Painted Eggs

The word “malyovanka” (мальованка) comes from the Ukrainian word “malyuvaty” (малювати), which means “to paint or draw.”  Malyovanky were generally created using a brush and paint rather than a pysachok, beeswax and dyes.

Malyovanky have been created through the years using all sorts of paints–watercolor, tempera, oil, acrylic. This term also described those eggs decorated using a pen and ink, and today includes eggs decorated using markers of all sorts.

Some malyovanky use traditional pysanka motifs and designs; others take full advantage of the paint medium.  Backgrounds can vary from natural shell to painted.  Some of the newer eggs incorporate glitter and reflective paints.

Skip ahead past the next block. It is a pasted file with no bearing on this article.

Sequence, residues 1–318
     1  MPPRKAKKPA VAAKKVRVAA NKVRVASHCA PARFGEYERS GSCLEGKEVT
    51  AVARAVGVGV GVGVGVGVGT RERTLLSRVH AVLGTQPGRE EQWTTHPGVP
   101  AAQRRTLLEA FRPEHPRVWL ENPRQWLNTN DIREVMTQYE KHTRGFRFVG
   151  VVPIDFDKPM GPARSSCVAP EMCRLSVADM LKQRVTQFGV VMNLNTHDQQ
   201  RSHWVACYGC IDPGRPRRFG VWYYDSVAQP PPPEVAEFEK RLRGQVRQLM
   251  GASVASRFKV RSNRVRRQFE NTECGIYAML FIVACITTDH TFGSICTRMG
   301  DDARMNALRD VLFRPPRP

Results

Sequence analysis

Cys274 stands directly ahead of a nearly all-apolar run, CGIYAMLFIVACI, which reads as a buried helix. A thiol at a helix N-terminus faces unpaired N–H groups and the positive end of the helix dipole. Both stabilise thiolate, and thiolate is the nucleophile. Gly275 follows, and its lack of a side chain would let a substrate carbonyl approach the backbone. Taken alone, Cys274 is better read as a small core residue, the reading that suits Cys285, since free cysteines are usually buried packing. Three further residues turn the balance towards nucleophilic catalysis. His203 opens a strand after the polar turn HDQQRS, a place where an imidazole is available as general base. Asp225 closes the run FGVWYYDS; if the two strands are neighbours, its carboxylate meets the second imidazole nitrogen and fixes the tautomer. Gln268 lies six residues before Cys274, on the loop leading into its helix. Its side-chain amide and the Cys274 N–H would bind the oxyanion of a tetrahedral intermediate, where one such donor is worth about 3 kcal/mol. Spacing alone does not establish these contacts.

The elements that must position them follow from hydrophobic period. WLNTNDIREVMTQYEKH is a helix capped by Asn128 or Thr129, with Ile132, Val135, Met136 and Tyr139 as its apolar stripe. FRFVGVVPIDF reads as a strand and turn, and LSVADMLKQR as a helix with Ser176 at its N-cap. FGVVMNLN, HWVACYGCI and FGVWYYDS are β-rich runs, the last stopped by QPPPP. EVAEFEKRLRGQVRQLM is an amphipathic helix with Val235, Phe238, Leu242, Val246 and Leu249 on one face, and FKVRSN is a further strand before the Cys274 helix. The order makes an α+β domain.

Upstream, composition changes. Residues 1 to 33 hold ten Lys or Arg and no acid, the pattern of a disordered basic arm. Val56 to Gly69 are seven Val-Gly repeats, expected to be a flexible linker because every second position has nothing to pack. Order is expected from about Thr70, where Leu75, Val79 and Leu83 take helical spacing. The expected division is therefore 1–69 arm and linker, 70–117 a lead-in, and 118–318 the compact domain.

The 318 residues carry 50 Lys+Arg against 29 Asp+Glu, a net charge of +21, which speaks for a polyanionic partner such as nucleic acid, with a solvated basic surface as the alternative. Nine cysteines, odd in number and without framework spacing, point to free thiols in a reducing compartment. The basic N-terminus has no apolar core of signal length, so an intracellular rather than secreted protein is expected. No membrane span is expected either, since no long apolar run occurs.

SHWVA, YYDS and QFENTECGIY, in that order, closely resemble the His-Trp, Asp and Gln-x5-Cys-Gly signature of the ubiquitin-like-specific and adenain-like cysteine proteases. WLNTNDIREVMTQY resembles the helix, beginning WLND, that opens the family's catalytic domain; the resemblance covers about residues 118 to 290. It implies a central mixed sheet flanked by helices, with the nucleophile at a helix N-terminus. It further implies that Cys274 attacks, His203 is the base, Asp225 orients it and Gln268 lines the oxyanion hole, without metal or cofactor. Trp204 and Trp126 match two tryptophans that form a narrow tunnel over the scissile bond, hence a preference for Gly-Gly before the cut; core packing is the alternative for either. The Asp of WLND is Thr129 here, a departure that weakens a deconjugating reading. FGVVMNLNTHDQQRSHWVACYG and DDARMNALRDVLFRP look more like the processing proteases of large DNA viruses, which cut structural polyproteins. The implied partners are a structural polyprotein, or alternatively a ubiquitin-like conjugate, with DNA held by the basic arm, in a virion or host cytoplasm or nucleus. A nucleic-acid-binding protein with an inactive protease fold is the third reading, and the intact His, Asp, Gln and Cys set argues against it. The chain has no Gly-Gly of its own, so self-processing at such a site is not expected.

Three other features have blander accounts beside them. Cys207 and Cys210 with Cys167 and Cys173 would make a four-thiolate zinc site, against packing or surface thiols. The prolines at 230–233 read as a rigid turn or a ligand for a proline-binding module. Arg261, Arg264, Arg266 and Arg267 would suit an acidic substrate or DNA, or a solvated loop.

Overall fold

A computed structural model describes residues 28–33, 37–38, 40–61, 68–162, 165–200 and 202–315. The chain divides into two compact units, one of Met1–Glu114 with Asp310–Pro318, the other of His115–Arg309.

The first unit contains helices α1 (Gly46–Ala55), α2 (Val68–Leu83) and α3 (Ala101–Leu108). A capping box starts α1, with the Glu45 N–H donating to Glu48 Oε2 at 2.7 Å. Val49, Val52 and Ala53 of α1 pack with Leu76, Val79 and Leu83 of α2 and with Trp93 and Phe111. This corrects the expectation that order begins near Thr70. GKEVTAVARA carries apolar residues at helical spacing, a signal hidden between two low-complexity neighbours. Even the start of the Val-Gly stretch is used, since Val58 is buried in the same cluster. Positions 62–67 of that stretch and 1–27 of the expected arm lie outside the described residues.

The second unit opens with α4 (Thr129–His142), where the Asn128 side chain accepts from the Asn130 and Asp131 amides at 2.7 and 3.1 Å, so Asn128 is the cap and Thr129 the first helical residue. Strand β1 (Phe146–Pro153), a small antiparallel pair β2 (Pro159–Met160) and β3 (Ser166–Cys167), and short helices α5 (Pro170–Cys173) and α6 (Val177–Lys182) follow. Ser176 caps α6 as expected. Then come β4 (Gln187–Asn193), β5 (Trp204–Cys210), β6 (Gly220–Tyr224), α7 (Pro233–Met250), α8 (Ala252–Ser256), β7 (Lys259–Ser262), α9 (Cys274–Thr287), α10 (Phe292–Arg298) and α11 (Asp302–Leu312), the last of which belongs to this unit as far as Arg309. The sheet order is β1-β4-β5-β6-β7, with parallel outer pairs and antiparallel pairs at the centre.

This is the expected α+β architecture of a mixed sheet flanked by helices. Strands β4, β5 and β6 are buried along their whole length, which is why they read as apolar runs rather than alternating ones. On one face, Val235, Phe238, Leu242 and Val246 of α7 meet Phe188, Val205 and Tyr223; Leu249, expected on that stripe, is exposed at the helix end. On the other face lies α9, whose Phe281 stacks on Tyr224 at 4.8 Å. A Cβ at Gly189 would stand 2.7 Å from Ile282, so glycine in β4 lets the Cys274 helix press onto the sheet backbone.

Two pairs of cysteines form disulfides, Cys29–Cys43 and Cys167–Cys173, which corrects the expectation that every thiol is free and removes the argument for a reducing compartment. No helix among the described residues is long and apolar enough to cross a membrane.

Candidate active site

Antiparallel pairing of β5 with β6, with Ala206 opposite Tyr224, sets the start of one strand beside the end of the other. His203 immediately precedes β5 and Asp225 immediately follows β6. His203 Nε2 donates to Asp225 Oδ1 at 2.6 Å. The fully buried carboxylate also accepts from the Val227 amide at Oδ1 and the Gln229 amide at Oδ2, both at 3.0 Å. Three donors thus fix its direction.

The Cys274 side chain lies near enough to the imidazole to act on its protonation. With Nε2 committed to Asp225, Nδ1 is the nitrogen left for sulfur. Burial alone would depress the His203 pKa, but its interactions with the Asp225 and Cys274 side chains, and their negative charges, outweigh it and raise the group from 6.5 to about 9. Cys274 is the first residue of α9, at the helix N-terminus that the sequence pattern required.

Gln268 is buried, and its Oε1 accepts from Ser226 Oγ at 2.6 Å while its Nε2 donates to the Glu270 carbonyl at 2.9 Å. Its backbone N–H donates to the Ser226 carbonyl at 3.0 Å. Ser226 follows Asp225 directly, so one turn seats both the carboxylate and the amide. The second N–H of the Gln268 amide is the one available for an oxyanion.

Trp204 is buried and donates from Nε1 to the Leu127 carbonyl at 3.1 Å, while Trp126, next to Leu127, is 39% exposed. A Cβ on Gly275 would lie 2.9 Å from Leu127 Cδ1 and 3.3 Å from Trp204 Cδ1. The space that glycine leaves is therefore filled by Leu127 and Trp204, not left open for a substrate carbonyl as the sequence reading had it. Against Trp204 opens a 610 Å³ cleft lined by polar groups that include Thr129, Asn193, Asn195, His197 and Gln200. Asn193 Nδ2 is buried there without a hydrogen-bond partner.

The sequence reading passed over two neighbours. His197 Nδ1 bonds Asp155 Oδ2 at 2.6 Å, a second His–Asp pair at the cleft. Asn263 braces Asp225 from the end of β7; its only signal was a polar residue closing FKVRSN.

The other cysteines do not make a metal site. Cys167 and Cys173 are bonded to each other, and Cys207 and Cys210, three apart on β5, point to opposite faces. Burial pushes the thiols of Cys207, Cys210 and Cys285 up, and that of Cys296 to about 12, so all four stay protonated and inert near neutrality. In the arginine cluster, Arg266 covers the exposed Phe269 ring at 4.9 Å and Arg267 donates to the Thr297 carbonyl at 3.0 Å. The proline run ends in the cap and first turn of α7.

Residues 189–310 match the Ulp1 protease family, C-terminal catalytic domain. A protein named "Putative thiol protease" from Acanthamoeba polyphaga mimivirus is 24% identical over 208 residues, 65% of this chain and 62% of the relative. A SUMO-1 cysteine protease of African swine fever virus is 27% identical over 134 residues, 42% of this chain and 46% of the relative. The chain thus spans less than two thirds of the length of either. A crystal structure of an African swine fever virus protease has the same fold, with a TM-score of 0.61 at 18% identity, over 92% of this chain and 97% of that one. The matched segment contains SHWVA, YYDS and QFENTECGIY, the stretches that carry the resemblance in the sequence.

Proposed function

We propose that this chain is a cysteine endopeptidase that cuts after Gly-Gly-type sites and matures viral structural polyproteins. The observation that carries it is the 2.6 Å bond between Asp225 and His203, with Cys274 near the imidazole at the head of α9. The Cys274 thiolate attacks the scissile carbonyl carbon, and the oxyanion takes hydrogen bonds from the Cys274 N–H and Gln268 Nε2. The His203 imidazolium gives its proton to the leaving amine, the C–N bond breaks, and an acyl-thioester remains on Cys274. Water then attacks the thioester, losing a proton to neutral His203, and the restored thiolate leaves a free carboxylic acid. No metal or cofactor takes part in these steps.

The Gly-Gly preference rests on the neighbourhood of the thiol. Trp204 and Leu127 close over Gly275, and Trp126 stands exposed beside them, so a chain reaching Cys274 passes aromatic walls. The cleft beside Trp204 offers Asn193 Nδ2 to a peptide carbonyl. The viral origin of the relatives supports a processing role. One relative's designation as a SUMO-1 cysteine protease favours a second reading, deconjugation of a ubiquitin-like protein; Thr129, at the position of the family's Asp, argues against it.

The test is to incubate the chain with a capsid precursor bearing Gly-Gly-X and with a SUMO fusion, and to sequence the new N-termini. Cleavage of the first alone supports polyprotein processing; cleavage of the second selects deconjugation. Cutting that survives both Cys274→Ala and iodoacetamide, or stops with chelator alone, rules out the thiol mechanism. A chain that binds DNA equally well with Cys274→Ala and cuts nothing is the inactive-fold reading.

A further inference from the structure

These malyovanky are all from Ivan Balan’s collection, and are from the northern Bukovyna region. He has tried several methods of preservation, including filling the eggs with wax or paraffin and “reconstructing” them.  The first method fell out of favor for several reasons, including that the beeswax attracted mice, who would eat through the shell to get at it, and that it often expanded, cracking the egg open in the process. (Examples below) To reconstruct an egg, he would cut it open with a fine knife, empty it, reinforce the shell with glue and other substances, and then glue the egg back together.  You can see the lines where the reconstructed eggs were cut open quite clearly in the malyovanky below; these lines tend to be much less conspicuous in pysanky.

The variety of techniques and designs in the malyovanky from this one region of Ukraine is quite amazing.  Some have a painted background, some are painted on a white egg, and others have quite intricate multicolored designs. Some have a pastel, watercolor-like decor design. Others have such a thick coat of pain that it’s begun to crack with age. 

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